I’ve turned this book over in my head many times and I’m mostly still at a loss. I haven’t read a book so unlike anything else in some time. Hungarian author Miklós Szentkuthy (1908-1988) wrote the ten volumes of St. Orpheus Breviary over a forty year period from the 1930s to the 1970s, and Marginalia on Casanova is the first, published in 1939 but written some years before that.
The series, or at least this first volume, is a tour through the European past, a tour through Szentkuthy’s labyrinthine library, twisting through the stranger paths of civilized minds to counter the dominant stories we learn as we’re growing up. Szentkuthy’s choice of Casanova (1725-1798) of all people as his intellectual centerpiece for the first volume is perfectly representative. Casanova’s love life doesn’t interest him per se. There is very little of the gossip or scandal of Casanova in here. He is much more attuned to Casanova’s sensibility, his emotional responses, and his ethics (such as they are). That he compares Casanova to Pope Benedict XIV should give some idea of what he’s after.
Szentkuthy also compares Casanova to Proust: both spent their last years reflecting ambivalently on the social high life in which they had previously been engaged. But for Szentkuthy, Casanova is the more interesting figure because he conducted his life with far less remove than Proust, with less concerted intellectual analysis.
His goal, as far as I can summarize it, is to suspend his novel precisely between the intellectual realm and lived experience. He wants neither the rarefied abstraction of the essay, nor the conventional journalism of realism or the diary. For him:
a ‘thought’ is both: an absolute description together with an absolute stimulation. In other words, exactly that has become the crown of intellectuality, whereas previously it had been a blemish: its slaves are copying and lyrical bias. If we realize that these two blemishes are two prime merits and two possibilities which exclude all else–that will be a Copernican revolution in the history of thinking as Kant’s was in his time.
I am convinced that the most monotonous fiasco of a landscape description lies closer to the natural history of logic, truth, and intellectuality than all the philosophers from Plato to Kant…only décor is true logic. (133)
This particular idea was not new with Szentkuthy, but he presumably thinks that such a conception has never truly been elevated to preeminance. In all the expressions of the idea of thought-as-description-and-feeling, from Plato to Nietzsche, the difficulty has always been in the execution and portrayal of the mysterious stimulation/feeling. Pinning it down has proved difficult if not impossible.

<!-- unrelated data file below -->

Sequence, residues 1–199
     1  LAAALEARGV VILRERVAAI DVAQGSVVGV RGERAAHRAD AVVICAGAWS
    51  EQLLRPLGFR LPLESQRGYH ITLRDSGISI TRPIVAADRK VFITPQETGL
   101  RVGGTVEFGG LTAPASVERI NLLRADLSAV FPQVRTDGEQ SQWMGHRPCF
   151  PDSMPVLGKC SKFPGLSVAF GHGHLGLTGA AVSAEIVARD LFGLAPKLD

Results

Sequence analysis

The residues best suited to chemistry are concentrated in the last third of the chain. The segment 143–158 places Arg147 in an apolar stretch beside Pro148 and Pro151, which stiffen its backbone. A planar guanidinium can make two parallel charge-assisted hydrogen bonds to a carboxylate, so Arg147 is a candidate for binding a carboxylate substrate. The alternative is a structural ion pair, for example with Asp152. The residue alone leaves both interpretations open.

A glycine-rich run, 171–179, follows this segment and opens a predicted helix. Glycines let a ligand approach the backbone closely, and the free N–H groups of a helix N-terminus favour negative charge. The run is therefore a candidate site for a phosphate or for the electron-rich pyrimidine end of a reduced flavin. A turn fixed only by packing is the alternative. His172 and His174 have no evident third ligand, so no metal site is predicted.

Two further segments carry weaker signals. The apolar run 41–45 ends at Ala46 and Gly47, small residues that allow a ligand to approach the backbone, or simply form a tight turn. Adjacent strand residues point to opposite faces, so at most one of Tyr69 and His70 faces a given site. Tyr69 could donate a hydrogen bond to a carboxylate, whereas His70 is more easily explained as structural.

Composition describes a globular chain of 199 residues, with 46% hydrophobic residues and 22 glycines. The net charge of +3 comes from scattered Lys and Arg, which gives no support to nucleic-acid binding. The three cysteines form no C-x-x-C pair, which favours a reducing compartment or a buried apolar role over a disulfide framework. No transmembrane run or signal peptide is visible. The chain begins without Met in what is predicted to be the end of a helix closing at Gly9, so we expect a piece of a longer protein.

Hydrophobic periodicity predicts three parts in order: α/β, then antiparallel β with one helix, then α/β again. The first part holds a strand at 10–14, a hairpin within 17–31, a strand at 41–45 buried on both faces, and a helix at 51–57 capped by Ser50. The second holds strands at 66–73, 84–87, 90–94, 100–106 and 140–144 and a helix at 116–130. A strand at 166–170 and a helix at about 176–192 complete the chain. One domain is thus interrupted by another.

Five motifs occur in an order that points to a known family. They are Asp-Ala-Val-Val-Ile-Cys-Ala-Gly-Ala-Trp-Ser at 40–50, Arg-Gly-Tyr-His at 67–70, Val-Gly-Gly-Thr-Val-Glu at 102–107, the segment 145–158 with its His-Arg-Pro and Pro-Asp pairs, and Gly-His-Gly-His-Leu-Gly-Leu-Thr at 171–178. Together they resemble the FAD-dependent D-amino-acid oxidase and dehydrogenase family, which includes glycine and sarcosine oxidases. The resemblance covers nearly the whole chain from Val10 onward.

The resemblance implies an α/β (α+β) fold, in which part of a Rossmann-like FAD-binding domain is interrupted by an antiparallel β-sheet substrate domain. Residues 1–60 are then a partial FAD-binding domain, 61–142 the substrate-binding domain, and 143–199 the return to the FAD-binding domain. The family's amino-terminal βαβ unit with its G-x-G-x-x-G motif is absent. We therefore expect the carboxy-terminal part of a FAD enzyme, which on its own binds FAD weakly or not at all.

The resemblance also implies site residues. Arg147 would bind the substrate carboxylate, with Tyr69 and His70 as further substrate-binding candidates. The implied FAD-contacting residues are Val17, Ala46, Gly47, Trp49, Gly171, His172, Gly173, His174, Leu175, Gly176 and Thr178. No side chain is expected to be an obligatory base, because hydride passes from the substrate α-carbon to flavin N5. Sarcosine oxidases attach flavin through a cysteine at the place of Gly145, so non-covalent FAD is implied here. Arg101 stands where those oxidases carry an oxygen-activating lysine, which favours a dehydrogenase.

Whether or not Szentkuthy achieved his goal of isolating the true nature of thought, he came up with something that I have never seen before. There are certainly echoes of Proust and Joyce (Szentkuthy later translated Ulysses into Hungarian–I cannot even imagine), and he can be seen to foreshadow the impressionistic works of Guy Davenport, Roberto Calasso, Umberto Eco, and Claudio Magris. Among his Hungarian contemporaries, there maybe is a bit of Gyula Krúdy’s madness, but really, Szentkuthy was in his own universe. A universe of books. He compares his place in it to Orpheus in the underworld.
Yet his goal was to extract vital feeling from the books, the eternal paradox of the emotif intellectual:
Anyone unable to cast aside the humbugs of ‘knowledge’ & ‘sentiment’ and get used to that laughing, chattering society even from an intellectual point of view is of a thousand times higher order than a university chair or a Buddhist monastery and will remain a cowardly romantic of darkness. Our profoundly moralistic and profoundly rational nature, of course, hardly bears to avow the ascetic school of amorality and ‘ignorance,’ yet it must–because that is the maximum that man can act in his hideous loneliness. When Casanova crossed from wood into the garden, from solitariness to a clique, he bestrode philosophics and thereby won everything. (78)
Szentkuthy is possibly a bit at odds with himself here. He does not prescribe irrationalism, but he’s looking for something that will be evoked without needing argument. Perhaps a later passage will help explain:
No art or blind philosophy hit upon such a perfect analysis and monument to love than whoever it was who, as the Hungarian colloquialism has it, “discovered sealing wax,” the lighting of a candlestick, the seething, the initial flame and smoke, the smell of incense, the dripping, the scorching paper, spreading the blob of wax, the signet ring, the negative of the crest on the seal and its positive impression, the frozen figure, the edges outside the seal: that is all myth, Proust & Paracelsus simultaneously. (168)
The wax also evokes Descartes’ famous example of the mind imposing the order of ideas onto the shifting forms of wax. So Szentkuthy is very much not concerned with some unmediated sensory realm, but with a kind of mental processing of that realm that is post-cognitive but pre-intellectual. One that can be described in words, but is not the product of a schematic conceptual construction. (Here I think of Musil’s other condition.)